Have you ever thought of asking your HVAC contractor this question: We are building a new house with two floors, so what type of heating system do you recommend?
The answer will depend on the type of you home you live in. Heating installation in Coeur d’ Alene, ID is a complicated process, and it only takes a professional contractor to make it successful, especially for homes with multiple floors.
What are the Options You Can Consider?
You have several choices when it comes to heating installation in Coeur d’ Alene, ID in your new house. You can either opt for a heat pump or a furnace, depending on the type of home you live in. For instance, you could install a heat pump for smaller, low-rise houses with less than 2,000 square feet of conditioned space.
But if the area is more than two-stories high or if the climate is extremely cold in winter, then choose a furnace instead of a heat pump for your first floor. A second furnace would be required on the upper floor if this option was chosen. Also, keep in mind that you need separate return ducts for upstairs and downstairs furnaces, which will increase the system’s price.
Before you schedule a heating installation in Coeur d’ Alene, ID, let us check out these two options.
Geothermal Heat Pump (GHP) vs. Air-Source Heat Pump (ASHP
First, let us start with the heat pump.
If you think of installing either a geothermal heat pump (GHP) or an air-source heat pump (ASHP), you should know the pros and cons that come with each system. Keep reading.
A GHP system is more efficient than an ASHP for heating and cooling since it transfers heat energy from the ground into your home instead of just transferring heat from the outside air. A GHP system has a SEER (Seasonal Energy Efficiency Ratio) rating between 16 and 19, while an ASHP only has a SEER rating between 10 and 13 depending on its age, size, and efficiency level.
The main drawback to owning a geothermal heat pump is that its initial cost during heating installation in Coeur d’ Alene, ID. It is generally about 20% higher than an ASHP’s but this should be offset by lower utility bills over time. Keep in mind that other factors such as installation costs, energy rebates, and utility rates will affect the final price.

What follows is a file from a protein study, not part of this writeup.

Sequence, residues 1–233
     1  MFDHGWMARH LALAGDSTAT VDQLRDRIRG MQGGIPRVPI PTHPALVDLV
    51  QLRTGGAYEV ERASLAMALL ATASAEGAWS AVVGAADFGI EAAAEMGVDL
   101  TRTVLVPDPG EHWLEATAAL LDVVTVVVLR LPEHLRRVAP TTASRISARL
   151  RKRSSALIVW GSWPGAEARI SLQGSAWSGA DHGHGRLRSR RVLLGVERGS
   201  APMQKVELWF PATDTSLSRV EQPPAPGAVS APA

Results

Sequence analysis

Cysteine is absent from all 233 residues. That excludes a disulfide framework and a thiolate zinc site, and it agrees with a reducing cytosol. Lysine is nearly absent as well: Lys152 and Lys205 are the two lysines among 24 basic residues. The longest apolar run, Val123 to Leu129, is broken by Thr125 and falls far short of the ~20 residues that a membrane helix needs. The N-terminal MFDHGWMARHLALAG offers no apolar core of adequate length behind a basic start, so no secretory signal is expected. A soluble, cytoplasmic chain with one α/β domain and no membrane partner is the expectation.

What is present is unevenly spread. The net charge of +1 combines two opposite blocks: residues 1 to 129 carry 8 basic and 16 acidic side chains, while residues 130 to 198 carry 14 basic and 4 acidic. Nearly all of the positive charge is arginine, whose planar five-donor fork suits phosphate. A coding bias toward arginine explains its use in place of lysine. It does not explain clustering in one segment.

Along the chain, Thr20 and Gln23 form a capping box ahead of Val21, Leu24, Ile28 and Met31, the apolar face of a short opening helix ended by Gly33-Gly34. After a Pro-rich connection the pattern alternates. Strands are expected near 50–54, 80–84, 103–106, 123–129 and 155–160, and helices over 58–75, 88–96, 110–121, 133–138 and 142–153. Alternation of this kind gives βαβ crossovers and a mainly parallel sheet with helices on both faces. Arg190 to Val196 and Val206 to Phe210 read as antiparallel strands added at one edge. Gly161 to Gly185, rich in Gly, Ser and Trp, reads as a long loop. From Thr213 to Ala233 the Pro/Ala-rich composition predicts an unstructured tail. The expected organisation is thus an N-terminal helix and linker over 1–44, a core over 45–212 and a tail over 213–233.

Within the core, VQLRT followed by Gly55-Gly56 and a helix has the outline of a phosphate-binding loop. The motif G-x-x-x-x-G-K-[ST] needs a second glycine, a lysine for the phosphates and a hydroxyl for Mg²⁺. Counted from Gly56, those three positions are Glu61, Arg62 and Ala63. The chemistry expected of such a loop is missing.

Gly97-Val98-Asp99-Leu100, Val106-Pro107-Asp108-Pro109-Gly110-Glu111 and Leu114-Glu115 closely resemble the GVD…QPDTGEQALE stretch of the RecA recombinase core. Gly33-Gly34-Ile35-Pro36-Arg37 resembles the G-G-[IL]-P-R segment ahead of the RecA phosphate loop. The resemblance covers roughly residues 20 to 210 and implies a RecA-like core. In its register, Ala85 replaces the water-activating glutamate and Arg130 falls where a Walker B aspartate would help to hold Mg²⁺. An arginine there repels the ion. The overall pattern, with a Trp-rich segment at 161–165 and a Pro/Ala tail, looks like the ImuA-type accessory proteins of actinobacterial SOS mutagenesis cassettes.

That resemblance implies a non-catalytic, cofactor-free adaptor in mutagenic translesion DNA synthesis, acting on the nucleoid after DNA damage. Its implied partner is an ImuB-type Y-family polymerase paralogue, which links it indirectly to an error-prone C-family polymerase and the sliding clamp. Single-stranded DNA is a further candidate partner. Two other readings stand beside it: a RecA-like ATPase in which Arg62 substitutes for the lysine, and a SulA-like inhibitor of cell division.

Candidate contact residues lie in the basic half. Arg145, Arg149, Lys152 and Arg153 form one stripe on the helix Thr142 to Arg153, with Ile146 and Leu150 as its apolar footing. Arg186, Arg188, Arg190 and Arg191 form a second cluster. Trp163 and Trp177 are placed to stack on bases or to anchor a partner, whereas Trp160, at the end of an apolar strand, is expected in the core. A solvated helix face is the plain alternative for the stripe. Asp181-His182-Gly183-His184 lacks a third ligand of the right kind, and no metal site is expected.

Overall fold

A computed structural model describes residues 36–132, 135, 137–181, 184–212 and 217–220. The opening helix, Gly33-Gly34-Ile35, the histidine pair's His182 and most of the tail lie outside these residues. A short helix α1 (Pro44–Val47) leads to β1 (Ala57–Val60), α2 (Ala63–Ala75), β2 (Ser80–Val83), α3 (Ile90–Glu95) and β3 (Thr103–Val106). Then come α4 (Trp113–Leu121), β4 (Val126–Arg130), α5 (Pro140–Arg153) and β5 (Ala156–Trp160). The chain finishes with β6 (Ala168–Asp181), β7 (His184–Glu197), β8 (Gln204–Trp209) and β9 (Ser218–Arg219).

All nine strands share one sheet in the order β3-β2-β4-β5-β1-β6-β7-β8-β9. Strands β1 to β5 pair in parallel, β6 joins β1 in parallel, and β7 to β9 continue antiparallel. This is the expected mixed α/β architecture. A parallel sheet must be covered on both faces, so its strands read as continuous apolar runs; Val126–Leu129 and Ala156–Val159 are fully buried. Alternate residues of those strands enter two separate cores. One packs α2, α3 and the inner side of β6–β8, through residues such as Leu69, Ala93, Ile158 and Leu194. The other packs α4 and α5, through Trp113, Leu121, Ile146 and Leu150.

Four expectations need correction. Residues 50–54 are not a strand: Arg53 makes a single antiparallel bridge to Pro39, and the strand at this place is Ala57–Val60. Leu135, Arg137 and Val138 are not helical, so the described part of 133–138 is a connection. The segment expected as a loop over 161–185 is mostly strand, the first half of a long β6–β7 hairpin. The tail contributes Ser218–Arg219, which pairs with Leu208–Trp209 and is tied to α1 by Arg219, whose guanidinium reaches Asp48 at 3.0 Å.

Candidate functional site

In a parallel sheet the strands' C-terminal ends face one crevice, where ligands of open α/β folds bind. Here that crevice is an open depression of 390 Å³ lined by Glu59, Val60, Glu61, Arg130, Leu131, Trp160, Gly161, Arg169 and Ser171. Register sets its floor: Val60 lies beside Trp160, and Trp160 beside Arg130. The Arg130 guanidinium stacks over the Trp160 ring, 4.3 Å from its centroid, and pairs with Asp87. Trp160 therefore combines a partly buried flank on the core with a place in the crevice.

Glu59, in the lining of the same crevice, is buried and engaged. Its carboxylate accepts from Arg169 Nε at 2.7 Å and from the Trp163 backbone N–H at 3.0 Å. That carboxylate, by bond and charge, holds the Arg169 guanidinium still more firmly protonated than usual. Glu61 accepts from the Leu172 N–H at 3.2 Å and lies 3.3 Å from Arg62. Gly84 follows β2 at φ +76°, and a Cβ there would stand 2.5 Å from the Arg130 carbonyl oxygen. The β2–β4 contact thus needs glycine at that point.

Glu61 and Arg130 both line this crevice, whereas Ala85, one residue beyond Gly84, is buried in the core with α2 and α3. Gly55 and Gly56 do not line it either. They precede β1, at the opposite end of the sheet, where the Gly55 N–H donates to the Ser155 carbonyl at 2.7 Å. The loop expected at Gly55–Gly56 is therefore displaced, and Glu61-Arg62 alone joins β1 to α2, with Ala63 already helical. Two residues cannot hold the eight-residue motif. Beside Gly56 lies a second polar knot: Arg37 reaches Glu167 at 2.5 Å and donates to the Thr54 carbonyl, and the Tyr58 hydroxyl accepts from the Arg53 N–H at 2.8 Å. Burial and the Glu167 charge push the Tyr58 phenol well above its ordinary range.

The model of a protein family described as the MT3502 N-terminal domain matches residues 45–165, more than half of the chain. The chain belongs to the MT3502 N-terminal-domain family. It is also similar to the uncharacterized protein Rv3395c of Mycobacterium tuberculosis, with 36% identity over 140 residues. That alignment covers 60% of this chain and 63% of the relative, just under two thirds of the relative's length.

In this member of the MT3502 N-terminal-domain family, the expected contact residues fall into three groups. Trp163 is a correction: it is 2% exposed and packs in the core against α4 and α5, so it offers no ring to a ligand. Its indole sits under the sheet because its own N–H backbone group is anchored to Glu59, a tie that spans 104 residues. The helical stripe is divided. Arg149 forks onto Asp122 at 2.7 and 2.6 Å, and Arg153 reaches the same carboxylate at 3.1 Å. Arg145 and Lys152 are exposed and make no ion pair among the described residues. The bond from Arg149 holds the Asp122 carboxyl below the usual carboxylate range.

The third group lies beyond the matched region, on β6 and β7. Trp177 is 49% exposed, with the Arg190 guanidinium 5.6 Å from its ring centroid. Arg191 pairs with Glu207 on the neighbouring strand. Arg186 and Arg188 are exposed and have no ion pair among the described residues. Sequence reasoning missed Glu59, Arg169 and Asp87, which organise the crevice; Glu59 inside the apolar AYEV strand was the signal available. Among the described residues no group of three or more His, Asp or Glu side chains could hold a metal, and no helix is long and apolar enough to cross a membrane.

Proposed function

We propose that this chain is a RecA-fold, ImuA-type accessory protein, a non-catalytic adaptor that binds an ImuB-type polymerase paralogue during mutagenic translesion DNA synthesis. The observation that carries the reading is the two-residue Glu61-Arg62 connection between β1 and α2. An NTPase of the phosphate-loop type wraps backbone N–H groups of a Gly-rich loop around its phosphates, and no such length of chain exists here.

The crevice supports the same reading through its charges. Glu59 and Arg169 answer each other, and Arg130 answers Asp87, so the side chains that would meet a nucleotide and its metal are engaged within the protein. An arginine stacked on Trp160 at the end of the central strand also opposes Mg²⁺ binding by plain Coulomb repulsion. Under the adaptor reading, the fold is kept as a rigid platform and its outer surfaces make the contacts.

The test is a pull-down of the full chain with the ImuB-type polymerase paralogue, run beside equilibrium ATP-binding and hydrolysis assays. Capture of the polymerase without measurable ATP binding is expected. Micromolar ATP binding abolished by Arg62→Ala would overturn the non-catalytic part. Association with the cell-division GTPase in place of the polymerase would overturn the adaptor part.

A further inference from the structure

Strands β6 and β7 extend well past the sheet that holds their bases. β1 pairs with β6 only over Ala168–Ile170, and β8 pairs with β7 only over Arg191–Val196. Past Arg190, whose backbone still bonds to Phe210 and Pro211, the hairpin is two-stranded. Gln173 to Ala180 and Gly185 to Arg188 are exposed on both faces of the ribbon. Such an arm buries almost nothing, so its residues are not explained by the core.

Gas Furnace vs. Electric Furnace
A gas furnace uses half the energy of electric furnaces—80% efficient at best, but generally only about 40%-60% efficient. When it comes to noise level, gas furnaces are generally noisier than electric varieties. They can produce a high-pitched noise that is very irritating for most people. To combat this, some manufacturers have added “anti-noise” devices to gas furnaces, which use insulation and other methods to reduce the sound level of their equipment.
When it comes to maintenance, gas furnaces require more frequent cleaning because they emit dirty air through the flue as exhaust. Electric furnaces do not have this issue due to their closed design, which prevents dirty fumes from being expelled into the home.
In the venting aspects, gas furnaces are vented directly outside. Electric furnaces are not vented at all, but instead, recirculate the heated air back into the home via a fan. Because of their venting requirements, gas furnaces require regular maintenance by professionals to prevent carbon monoxide build-up in the home.
Don’t Know Which One to Install In Your Two-Story Home?
Regardless of what system you choose, a heat pump or a furnace, both guarantee effective heating in your home. Seek professional advice and recommendation from Bill’s Heating & A/C to determine the system that suits your needs, budget, and comfort. Call them at 208-777-5528 for the best heating installation in Coeur d’ Alene, ID.